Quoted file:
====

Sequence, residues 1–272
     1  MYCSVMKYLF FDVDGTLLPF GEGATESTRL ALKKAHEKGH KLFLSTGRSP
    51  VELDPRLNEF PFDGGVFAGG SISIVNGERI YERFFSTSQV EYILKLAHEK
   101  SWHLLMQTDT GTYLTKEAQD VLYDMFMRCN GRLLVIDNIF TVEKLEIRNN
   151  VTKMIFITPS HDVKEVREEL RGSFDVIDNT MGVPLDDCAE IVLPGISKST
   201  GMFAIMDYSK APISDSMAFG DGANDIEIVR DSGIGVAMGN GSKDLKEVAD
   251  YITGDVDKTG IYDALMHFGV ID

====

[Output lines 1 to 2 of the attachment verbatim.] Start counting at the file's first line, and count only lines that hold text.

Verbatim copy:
Sequence, residues 1–272
     1  MYCSVMKYLF FDVDGTLLPF GEGATESTRL ALKKAHEKGH KLFLSTGRSP